Skeletons & Majesties Live
Released: 2012, EARMusic
Unless you’re a forest-dwelling black metal orc, winter is a time to find a warm place to hide, and what better place than a packed club filled with people head banging to heavy metal? To get you comfortable, this month we’ll be covering six recently-issued live albums from the likes of: Gamma Ray, Helstar, Mr. Big, U.D.O., Vicious Rumors, and Y&T. Grab a beer (or your drink of choice), get warm, and enjoy the music!
Note: some of these were released as CD/DVDs; however the reviews cover the CDs only.
Sometimes a band puts out a live album seemingly just for the hell of it (Iron Maiden anyone?), other times a band does it to mark an occasion. Well this, Gamma Ray’s fourth live album, marks a significant time in the Germans’ long-running career: the amicable departure of long-time drummer Dan Zimmermann. He’s since been replaced by Michael Ehre, so this release marks his final recorded contributions to the band. Fittingly, Kai and the boys have made an effort to make it more than just another live album as the double length release is filled with songs that you normally wouldn’t hear the band play, guest vocals from none other than Michael Kiske, and a couple of acoustic versions just for fun.
As I said, the band took care to make sure that SKELETONS & MAJESTIES LIVE isn’t filled with the same old concert staples fans expect from the band, so you won’t hear “Valley of the Kings” or “Somewhere Out in Space” here. That said, it’s great to hear the band unearth some “buried treasure” as it were, even if they occasionally “forget the fucking lyrics” as Kai hilariously admits during “Hold Your Ground”. In fact, that points to another refreshing point of this album – it’s possibly the most honest sounding live album I’ve ever heard. What I mean by that is, you can hear all of the little mistakes the band makes, and later on in the set list, Kai’s voice audibly tires. It’s not perfect, but kudos to the band for their bravery.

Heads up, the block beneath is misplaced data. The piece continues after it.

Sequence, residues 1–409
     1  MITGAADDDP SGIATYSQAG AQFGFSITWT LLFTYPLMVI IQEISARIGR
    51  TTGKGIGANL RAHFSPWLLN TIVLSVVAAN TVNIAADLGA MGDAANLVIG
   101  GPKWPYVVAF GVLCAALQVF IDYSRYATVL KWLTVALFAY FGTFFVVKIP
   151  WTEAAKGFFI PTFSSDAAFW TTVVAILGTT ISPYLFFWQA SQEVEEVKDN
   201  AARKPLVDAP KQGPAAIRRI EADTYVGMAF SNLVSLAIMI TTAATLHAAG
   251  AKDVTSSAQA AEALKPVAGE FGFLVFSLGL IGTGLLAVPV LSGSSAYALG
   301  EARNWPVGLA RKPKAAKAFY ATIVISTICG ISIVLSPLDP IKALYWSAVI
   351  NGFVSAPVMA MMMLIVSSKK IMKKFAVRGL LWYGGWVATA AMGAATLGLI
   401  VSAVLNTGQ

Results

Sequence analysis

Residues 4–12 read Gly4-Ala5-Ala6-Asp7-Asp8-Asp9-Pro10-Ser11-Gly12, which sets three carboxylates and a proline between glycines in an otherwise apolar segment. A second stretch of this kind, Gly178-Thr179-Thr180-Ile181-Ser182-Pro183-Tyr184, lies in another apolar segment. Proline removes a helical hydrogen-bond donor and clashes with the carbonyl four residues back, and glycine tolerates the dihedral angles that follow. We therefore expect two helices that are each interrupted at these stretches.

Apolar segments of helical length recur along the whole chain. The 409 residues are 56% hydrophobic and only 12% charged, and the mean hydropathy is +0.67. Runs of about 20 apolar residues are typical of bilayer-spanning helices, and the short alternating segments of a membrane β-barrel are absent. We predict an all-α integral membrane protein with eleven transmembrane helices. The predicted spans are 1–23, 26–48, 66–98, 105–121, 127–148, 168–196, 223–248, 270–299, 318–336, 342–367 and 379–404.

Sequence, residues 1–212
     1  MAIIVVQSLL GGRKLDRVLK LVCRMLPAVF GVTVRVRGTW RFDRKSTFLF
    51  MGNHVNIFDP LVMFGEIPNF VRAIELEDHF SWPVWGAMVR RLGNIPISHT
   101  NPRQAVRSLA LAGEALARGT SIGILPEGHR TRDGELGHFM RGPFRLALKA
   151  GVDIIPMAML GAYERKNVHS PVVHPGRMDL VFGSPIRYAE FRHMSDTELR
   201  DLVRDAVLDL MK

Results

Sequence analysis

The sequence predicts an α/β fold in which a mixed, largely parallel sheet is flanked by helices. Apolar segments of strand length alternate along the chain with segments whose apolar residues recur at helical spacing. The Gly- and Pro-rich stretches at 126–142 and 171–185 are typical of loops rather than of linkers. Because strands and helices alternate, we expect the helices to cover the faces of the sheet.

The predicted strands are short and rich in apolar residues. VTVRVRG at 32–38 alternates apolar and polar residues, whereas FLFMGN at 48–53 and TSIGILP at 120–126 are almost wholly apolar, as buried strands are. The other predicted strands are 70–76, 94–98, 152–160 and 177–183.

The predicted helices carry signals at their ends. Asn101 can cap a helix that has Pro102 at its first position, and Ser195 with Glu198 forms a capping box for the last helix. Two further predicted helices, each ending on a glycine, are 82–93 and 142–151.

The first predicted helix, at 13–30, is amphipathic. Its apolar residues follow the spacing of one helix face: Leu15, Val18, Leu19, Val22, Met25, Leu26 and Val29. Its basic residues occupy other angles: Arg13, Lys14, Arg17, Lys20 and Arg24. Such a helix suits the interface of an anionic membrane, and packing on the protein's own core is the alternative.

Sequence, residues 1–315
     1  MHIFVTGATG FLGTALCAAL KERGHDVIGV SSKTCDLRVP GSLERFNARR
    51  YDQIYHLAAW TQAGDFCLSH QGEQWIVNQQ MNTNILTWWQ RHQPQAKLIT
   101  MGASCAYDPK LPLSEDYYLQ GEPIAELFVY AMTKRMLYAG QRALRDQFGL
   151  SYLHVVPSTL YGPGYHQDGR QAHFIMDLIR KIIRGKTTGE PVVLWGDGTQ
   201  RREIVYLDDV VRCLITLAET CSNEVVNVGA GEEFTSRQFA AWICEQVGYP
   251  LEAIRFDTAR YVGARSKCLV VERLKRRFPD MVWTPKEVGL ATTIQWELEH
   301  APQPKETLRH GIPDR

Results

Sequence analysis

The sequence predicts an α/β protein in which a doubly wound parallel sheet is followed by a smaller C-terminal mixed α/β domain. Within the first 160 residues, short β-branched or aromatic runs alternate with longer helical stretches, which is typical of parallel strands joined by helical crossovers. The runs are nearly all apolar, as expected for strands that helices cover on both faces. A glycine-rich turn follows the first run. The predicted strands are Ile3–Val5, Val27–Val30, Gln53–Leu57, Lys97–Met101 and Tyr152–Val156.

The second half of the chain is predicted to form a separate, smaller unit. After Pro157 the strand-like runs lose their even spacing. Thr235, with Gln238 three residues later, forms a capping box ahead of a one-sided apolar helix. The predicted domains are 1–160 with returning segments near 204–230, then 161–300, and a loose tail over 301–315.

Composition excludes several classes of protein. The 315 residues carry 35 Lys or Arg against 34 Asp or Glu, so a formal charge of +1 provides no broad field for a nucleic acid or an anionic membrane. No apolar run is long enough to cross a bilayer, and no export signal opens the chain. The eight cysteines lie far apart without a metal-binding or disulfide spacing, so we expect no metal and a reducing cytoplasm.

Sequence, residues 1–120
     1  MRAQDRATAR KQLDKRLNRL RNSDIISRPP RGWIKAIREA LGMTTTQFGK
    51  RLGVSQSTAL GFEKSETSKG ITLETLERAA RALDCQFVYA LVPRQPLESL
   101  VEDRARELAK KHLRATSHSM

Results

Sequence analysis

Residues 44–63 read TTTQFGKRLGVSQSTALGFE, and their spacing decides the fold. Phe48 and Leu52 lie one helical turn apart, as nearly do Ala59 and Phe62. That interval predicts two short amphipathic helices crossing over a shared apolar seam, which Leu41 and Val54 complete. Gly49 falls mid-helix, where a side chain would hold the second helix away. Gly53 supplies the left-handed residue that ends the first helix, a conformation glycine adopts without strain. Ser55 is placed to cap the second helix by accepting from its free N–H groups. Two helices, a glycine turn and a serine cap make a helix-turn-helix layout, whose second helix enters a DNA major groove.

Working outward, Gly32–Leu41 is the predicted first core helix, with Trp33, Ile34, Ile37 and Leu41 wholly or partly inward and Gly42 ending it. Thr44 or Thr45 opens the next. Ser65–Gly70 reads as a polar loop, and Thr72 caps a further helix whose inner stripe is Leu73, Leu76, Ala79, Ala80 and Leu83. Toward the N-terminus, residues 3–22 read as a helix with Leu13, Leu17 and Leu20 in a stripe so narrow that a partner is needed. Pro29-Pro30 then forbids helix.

As for the songs, they may not be as well-known as some others, but this is quite a collection of power metal songs. I mean, for any other band, a song like “Men, Martians and Machines” would be a classic! In all, 10 Gamma Ray releases are represented, and although a few of the ballads are best left in the vaults, the album closes with a rollicking cover of Helloween’s classic “Future World”.
This is an incredibly fun album, totally keeping in the Gamma Ray spirit. It’s not perfect, but it is a wonderful send off for one of power metal’s most underrated drummers.